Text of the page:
How to Regulate Amusement Parks

Amusement parks are meant to be one thing: amusing. The word is in the title. And yet, far too often in this country, amusement parks have become places of injury and tragedy.

Just this summer, USA Today covered the number of amusement park and waterpark injuries and deaths, and it makes for some very upsetting reading. Just imagining those families going out to have a good afternoon and having to deal with the consequences of having fun can be quite hard, but it’s worth reading simply because this issue, minor as it may seem, is important.

The point is, parks, like many other parts of our society, are not being regulated well enough.

Again, according to USA Today, this industry has “have too few inspectors and not enough safety regulations.”

Consider what that means. These rides are often designed to defy gravity, to raise people high in the ground and drop them for a thrill. The fact they are not regularly checked to make sure they work is quite concerning. And considering how little coverage accidents get (and how quickly people forget coverage even when it does exist because of our nonstop news cycles), there’s little reason for parks to put special care into maintenance. That may mean that down the road we see more of these accidents taking place. More tragedies every summer, and we may be the next ones involved.

Sure, these parks have to deal with amusement park lawyers who will sue them for any injuries or deaths, but no matter what the payout is, it will be a pittance to what is gained through ticket sales. The only way to force these parks to do more is to boycott them whenever there is an accident.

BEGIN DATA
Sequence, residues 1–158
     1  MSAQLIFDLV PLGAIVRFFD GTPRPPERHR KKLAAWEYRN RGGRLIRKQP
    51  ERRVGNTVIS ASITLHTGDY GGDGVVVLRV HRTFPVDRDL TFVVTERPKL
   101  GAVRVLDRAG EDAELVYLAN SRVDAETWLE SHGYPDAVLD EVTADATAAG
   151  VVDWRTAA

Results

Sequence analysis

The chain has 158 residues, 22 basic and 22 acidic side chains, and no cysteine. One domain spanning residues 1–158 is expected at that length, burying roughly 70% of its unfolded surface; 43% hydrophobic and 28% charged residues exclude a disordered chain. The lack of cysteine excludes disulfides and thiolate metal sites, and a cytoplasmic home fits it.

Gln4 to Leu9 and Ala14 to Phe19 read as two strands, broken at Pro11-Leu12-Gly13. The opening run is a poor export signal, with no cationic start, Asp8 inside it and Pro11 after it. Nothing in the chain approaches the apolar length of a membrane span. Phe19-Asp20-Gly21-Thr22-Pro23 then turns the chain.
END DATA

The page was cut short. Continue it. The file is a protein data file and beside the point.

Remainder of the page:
I’d like to believe we could force more regulations on them, but this just doesn’t seem possible these days. America is in an anti-regulation period, and until the next big crisis—whether economic, medical, or other—it’s likely that will continue.

So, our options are limited, and among those limited options, the best one is a boycott as punishment for unsafe rides.

The way to make this most effective would be to convince those who are regular amusement park visitors to stay home. For those who go rarely, the task then is to work on these repeat customers and to explain their responsibilities in the situation. Should parks start seeing a major drop in ticket sales after an accident, they are far more likely to respond.

Perhaps a new website needs to be launched which keeps track of these accidents. USA Today did an admirable job this past summer, but a full-time site (or at least a Facebook page) would allow everyone to keep up to date on where accidents have taken place and what actions are being done in response.

With a little more participation from the general public, we can all hope to see safer and better-maintained rides, even if we can’t get them regulated.

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